PHOENIX (3TV/CBS 5) - Outrage on social media over why Phoenix police will not call the investigation of a woman in a vegetative state being impregnated then giving birth inside the Hacienda nursing facility a sex crime.

All Phoenix police have said is, “At this time, this matter is still under investigation. It is important that the investigators be permitted to conduct their investigation without being impeded."

[RELATED: AZ lawmaker and disability rights advocate 'not surprised' by Hacienda HealthCare rape case]

“The question that people are going to have is what do the police have to hide?” said former chief sex crimes investigator Bill Richardson.

Richardson said he doesn't understand why police are being secretive, and hushed.

[ORIGINAL EXCLUSIVE STORY: Woman in vegetative state gives birth at Hacienda HealthCare in Phoenix]

“In your expertise, should it be called a sex assault investigation?” asked reporter Briana Whitney.

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“I can’t think of a legitimate reason not to call it what it is,” Richardson said.

“I can’t think of a legitimate reason not to call it what it is,” Richardson said.

“The woman who gave birth is incapable of giving consent, means that it’s a sexual assault. And it’s that simple,” he said.

We learned Tuesday Phoenix police investigators served a search warrant to obtain DNA from male Hacienda HealthCare staffers.

[RELATED: Phoenix PD obtain DNA samples from Hacienda Healthcare staff week after vegetative patient gives birth]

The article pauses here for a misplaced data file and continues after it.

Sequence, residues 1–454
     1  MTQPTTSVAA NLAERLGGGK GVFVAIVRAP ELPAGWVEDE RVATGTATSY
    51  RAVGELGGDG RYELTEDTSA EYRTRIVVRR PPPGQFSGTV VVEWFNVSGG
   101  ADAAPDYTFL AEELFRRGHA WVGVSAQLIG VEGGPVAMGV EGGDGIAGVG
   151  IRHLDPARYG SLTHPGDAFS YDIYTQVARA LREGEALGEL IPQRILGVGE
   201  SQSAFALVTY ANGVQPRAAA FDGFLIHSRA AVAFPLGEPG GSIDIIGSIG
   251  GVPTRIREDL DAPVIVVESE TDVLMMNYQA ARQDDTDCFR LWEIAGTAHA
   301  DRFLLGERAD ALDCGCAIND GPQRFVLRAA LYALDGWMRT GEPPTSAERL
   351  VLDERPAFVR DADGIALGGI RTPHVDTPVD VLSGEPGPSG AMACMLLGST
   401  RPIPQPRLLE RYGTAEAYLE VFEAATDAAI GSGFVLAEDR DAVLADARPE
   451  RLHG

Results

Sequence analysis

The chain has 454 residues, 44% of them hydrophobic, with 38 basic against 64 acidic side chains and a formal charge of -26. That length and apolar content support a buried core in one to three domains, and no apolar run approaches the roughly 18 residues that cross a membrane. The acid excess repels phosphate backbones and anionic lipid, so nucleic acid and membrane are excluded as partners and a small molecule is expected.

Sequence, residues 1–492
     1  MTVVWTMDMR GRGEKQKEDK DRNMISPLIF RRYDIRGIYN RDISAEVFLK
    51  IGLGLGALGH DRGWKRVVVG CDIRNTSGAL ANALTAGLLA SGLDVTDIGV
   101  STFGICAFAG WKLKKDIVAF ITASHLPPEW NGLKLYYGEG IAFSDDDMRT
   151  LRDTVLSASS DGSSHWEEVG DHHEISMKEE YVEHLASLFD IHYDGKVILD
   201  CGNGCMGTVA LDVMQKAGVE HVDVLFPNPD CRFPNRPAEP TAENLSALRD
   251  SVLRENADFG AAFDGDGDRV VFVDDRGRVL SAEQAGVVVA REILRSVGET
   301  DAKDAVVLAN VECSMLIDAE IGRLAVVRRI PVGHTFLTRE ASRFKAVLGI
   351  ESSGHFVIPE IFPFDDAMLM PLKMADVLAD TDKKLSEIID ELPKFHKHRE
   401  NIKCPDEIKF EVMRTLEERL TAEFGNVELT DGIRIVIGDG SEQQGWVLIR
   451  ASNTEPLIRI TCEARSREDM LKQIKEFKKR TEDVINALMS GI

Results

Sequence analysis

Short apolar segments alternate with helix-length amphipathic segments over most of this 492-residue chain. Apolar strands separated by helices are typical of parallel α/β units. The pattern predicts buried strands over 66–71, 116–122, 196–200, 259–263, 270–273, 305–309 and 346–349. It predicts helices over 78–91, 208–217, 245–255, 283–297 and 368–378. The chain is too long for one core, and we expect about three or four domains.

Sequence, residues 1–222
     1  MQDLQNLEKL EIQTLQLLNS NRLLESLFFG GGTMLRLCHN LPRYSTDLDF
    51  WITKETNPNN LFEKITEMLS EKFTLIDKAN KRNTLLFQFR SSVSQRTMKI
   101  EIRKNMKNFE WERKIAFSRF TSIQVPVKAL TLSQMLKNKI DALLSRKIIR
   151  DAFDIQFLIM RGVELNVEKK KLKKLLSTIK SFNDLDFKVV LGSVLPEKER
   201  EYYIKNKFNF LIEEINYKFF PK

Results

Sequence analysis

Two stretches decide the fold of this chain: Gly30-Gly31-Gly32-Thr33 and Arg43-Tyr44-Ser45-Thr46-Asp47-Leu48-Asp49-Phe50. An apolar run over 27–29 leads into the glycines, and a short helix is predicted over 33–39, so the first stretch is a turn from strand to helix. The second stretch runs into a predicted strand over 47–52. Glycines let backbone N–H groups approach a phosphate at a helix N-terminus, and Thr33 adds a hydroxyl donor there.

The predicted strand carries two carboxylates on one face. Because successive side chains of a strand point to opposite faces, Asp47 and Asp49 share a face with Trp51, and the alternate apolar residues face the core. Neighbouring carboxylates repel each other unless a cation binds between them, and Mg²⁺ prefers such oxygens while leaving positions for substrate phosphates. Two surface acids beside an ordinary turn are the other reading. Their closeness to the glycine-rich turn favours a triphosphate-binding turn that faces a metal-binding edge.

“That information came from Hacienda. It did not come from police. Now we’re asking police about it. Should it have come from Phoenix police?” asked Whitney.

[RELATED: Hacienda Healthcare CEO resigns after vegetative patient gave birth]

“The idea that they wouldn’t be upfront about that knowing full well that whether it’s Hacienda or somebody that works at Hacienda or a family member or somebody who’s forced to give samples, isn’t going to call the media, is foolish,” Richardson said.

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We learned Tuesday Phoenix police investigators served a search warrant to obtain DNA from male Hacienda HealthCare staffers.

He said even if police need to keep parts of the investigation confidential, they should tell the public that. Because, he said, without saying anything, they're creating distrust in the community, and with no suspect caught, police should want people to know what's going on, and to come forward if they know something.

[CONTINUING COVERAGE: Arizona's Family investigation in Hacienda HealthCare]

“If I’m a victim or a witness, or I have information, well, can I trust the cops? Can I trust them? Or should I just keep my mouth shut? You don’t want people with information not coming forth,” Richardson said.

 


Copyright 2019 KPHO/KTVK (KPHO Broadcasting Corporation). All rights reserved.

 

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(1) comment

JustSaying

How about we let the Police do their job before we, who have absolutely nothing to do with this, feel the need to be "outraged".

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